Iain Dobbie, Reckitt's finance director, said repurchasing the bond was an alternative way to share out cash following changes to the tax system last autumn which have made normal share buy-backs tax inefficient.
Speaking after the company announced its half-year figures to July, Mr Dobbie said the move would allow the company to continue paying foreign income dividends.
Reckitt made a pounds 150m cash payout to shareholders last November out of foreign earnings, but said yesterday it would rather use the cash to pay FIDs while it can. The Government has threatened to abolish FIDs, which allow a company to avoid paying tax twice on foreign earnings, in 1999.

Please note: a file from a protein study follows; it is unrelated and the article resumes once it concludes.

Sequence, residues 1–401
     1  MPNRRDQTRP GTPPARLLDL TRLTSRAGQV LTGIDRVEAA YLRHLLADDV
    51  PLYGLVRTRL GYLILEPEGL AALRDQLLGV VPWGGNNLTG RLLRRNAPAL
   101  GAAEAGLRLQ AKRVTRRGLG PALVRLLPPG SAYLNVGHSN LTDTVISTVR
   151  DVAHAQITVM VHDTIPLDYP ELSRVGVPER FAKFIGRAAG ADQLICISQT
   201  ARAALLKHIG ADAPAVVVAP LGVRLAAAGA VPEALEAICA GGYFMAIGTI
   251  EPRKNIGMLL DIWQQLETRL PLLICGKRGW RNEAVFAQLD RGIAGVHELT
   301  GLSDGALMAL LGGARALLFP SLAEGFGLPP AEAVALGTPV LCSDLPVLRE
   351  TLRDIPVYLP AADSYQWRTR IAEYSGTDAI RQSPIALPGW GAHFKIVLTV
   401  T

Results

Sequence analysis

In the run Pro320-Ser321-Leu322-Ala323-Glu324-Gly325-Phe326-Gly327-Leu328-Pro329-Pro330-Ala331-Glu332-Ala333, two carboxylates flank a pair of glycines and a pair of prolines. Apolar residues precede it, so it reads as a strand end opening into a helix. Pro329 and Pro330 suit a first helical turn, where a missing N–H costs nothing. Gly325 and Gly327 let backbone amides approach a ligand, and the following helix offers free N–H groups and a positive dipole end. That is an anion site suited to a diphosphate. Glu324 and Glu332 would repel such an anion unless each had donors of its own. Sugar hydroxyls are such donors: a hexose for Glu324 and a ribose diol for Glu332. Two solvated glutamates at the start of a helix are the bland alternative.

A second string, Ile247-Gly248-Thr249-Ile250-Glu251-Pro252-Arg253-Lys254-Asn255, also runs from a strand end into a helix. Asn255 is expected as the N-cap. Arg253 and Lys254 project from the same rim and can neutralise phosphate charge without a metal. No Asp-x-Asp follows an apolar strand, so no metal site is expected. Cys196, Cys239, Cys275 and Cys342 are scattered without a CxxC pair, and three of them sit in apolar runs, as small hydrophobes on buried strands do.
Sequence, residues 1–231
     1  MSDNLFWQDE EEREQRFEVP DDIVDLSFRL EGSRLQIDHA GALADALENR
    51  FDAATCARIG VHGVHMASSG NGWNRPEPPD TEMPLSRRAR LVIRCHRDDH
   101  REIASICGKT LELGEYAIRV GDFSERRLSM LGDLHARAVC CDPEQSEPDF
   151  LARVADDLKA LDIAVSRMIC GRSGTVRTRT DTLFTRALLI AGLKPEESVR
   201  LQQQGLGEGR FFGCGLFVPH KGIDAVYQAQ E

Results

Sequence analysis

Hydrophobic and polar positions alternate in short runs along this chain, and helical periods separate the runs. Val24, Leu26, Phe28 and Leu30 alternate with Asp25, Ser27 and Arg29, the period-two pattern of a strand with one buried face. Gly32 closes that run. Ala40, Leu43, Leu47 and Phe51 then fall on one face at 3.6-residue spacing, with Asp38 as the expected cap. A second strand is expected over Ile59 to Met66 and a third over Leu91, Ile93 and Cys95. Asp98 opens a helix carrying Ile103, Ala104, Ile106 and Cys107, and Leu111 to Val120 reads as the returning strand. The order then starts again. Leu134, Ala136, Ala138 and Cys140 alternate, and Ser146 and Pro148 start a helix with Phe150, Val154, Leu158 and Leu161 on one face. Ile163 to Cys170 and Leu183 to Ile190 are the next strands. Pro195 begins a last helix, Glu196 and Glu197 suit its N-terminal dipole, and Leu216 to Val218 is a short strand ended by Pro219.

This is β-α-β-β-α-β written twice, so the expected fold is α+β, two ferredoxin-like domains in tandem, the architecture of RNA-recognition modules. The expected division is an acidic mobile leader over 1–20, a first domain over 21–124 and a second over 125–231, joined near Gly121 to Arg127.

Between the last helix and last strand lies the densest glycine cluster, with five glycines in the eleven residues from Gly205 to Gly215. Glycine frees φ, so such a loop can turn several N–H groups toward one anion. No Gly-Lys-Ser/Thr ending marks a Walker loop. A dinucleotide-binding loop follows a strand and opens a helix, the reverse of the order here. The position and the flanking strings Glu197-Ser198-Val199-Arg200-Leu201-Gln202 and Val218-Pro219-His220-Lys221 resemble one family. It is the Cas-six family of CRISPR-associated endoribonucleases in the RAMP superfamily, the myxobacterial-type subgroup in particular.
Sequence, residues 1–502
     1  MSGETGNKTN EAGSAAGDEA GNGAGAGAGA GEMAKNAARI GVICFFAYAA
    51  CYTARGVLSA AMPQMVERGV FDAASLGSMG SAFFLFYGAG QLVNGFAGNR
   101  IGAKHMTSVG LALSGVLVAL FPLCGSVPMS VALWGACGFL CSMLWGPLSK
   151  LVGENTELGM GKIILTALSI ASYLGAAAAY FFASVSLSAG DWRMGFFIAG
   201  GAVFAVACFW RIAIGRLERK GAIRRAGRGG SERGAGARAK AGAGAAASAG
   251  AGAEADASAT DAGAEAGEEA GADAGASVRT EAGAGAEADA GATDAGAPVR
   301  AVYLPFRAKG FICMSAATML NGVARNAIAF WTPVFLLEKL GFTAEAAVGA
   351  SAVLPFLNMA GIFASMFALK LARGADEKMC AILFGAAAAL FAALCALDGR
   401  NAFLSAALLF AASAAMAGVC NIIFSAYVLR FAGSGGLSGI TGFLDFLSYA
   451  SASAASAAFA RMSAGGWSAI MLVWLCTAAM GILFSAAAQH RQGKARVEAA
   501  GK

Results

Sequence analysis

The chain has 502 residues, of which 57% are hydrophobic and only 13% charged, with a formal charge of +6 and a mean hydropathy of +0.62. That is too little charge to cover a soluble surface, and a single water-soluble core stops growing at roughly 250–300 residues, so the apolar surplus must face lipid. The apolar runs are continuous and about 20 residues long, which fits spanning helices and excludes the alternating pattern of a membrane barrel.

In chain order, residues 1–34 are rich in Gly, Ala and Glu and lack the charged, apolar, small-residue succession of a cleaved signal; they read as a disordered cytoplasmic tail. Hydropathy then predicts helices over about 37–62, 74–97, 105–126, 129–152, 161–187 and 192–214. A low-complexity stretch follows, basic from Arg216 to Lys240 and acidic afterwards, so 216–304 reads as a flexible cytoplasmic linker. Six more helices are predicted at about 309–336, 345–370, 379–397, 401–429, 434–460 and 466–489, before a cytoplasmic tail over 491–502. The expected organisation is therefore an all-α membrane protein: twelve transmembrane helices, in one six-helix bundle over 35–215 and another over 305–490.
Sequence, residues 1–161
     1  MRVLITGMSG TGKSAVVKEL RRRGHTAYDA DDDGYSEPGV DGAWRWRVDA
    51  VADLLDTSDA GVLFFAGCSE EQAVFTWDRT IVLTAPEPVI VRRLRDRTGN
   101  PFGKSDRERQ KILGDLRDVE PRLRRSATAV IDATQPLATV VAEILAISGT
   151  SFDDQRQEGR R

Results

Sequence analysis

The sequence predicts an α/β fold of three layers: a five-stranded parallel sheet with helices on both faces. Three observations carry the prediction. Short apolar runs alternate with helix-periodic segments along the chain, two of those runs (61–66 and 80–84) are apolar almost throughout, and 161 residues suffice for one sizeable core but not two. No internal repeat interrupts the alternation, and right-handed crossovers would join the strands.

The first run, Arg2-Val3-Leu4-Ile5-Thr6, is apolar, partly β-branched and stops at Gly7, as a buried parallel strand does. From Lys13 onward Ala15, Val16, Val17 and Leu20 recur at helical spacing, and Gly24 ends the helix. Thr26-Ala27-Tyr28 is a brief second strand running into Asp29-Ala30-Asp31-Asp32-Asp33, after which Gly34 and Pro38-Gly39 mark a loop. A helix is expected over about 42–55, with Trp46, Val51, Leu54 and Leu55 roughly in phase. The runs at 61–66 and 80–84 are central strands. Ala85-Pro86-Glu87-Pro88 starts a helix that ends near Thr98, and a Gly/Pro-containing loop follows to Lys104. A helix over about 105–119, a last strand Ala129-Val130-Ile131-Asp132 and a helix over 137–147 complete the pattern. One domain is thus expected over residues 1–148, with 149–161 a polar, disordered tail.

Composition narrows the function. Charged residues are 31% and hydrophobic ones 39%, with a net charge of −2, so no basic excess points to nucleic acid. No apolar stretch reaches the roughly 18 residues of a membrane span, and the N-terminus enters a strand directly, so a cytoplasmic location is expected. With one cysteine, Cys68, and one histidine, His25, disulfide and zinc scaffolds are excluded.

Mr Dobbie said the bond, issued in 1990 and which converts into 40 million shares in 2005, had a pounds 200m face value, but could fetch up to pounds 350m. However he said that depended on whether people were willing to sell: "Bonds are becoming increasingly attractive. Not every bond holder will want to sell."
Mr Dobbie said Reckitt would only repurchase the bond if it was tax efficient and did not attract potentially unrecoverable advance corporation tax.
The news came as Reckitt reported a 4 per cent fall in half-year sales to pounds 1.1bn after a pounds 115m currency hit.
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